Alive! (newspaper)

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Alive!
Alive newspaper.png
The Alive! front page for July/August 2009
Type Monthly newspaper
Publisher Alive Group
Editor Fr. Brian McKevitt OP
Associate editor Tom English
Founded 1996 (1996)
Political alignment Social conservatism,
Euroscepticism
Language English
Headquarters St Mary's Priory, Tallaght, Dublin 24
Circulation 300,000
OCLC number 500551304
Official website alive.ie

Alive! is a free monthly publication in the style of a newspaper which has been produced since its first edition in 1996 by Alive Group, an organisation with an address at the Dominican Order St Mary's Priory, Tallaght in Dublin, Republic of Ireland. The current editor is a Catholic priest, Fr Brian McKevitt, who refers to the publication as a 'newszine'. While it claims a circulation of over 300,000 copies, its actual readership is difficult to establish since a substantial portion of its circulation is delivered door-to-door, with most of the remainder being available through Ireland's network of Catholic churches (who do not provide estimates of take-up).[1] It is printed by Datascope, an independent publishing company in Enniscorthy and contains an appeal in each issue for donations totalling €160,000 annually to remain in circulation.[2]

Political stance and editorial opinion[edit]

Since September 2008, the front page has contained the following disclaimer text: "The content of the newspaper Alive! and the views expressed in it are those of the editor and contributors, and do not necessarily represent the views of the Irish Dominican Province".

Alive! upholds a conservative Catholic position on a number of issues relevant to Catholic life. These include abortion, euthanasia, marriage, sexuality, feminism, parenting, children's education, "moral decline", the European Union, the veracity of global warming, the perceived anti-Catholicism of the environmental movement in general, and the veracity of Catholicism generally.[3] Each edition of the newspaper will typically contain at least four or five articles on topics drawn from this list. The majority of its articles are written anonymously.

The publication strongly opposed the Nice Treaty and the Lisbon Treaty on all four occasions on which they were submitted to the Irish people, a position which drew criticism from Irish politicians such as Senator Paschal Donohoe on the grounds that its position could be erroneously interpreted by many Catholics as representing the official views of the Catholic hierarchy. TD Thomas Byrne criticised the publication claiming that he was "bombarded" with its "anti-EU" views while attending mass.[4] Individual politicians and the Oireachtas sub-committee on Europe asked the Catholic Church and Seán Cardinal Brady to ban it from being distributed in churches. Senator Labhrás Ó Murchú stated that is was "completely wrong" to suggest that Cardinal Brady should ban the publication from churches simply because it espoused views opposing the Lisbon treaty.[5] Senator Ivana Bacik defended the criticism of the publication stating that it espoused extreme views that most moderate Catholics oppose and that it was the "equivalent of the paramilitary wing of the Catholic Church".[6]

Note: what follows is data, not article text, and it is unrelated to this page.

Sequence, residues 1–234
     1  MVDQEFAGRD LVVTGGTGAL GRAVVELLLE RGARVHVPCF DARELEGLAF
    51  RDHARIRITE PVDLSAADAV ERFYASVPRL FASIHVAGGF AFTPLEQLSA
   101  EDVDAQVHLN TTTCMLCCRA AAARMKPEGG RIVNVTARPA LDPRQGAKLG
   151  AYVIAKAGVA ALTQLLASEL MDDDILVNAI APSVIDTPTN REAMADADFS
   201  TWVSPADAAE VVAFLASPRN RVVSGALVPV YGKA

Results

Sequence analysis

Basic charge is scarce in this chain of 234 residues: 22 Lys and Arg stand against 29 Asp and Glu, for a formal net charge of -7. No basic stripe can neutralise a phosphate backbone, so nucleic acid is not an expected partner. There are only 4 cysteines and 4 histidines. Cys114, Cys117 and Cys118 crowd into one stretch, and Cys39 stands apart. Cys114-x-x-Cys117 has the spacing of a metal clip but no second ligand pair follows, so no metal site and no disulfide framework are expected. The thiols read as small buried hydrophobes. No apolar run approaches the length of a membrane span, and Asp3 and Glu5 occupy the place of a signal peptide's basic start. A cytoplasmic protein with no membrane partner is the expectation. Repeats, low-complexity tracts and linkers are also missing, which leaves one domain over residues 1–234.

Format[edit]

A regular article entitled "Dumbag writes...!" features letters, purportedly from a devil named Dumbag, which highlight what the newspaper believes to be the folly of non-Catholic viewpoints. This feature is inspired by The Screwtape Letters by the Anglican writer, C.S. Lewis. The newspaper also features a column by Fr. Owen Gorman, an interview with a public personage about the role of religion in that person's life, a column dealing with perceived media bias against religion and Christianity, and a Window on History article on a historical topic of relevance to the Catholic Church (such as the Penal Laws or the Protestant Reformation).

Fr. Brian McKevitt[edit]

The Broadcasting Authority of Ireland upheld two complaints against the RTÉ presenter Joe Duffy that he harassed Fr. McKevitt on air, interrupting him and treating him differently from other contributors to the Liveline show. The BAI decision forced RTÉ to make a statement of apology on 22 June 2013.[7]

In 2009, Fr. McKevitt attended a meeting in Roscommon of the John Paul II Society along with Declan Ganley (the founder of the now-defunct political organisation Libertas), Senator Ronan Mullen and a number of other conservative Roman Catholics.[8]

McKevitt was listed at number 67 in the Ireland's Most Influential 100 list published by Village magazine. [9]

External links[edit]

See also[edit]

The Irish Catholic

References[edit]

  1. ^ Trust believes in Irish Catholic, Wood, Kieron (6 May 2007), The Sunday Business Post 
  2. ^ Catholic newspaper is Alive, Lowey, Tiernan (22 July 2001), The Sunday Business Post 
  3. ^ A ‘newspaper’ only fit for the bin, Ó Ríordáin, Aodhán (5 July 2007), Metro Online (Dublin) 
  4. ^ Brady urged to ban priest's 'anti-EU' paper from Church, Cooney, John (6 November 2008), Irish Independent 
  5. ^ "Order of Business". Seanad Éireann Debate Vol. 192 No. 2 p.9. Office of the Houses of the Oireachtas. Retrieved 6 January 2014. 
  6. ^ Bacik critical of Catholic Church publication 'Alive' , Walsh, Jimmy (13 November 2008), The Irish Times 
  7. ^ Complaint that Joe Duffy Harassed priest upheld by BAI Irish Times, Thursday 27 June 2013.
  8. ^ Ganley Urges Public Figures over faith, McGarry, Patsy (10 February 2009), The Irish Times .
  9. ^ Ireland's Most Influential 100 Village Magazine, 4 November 2009. Retrieved 1 November 2011.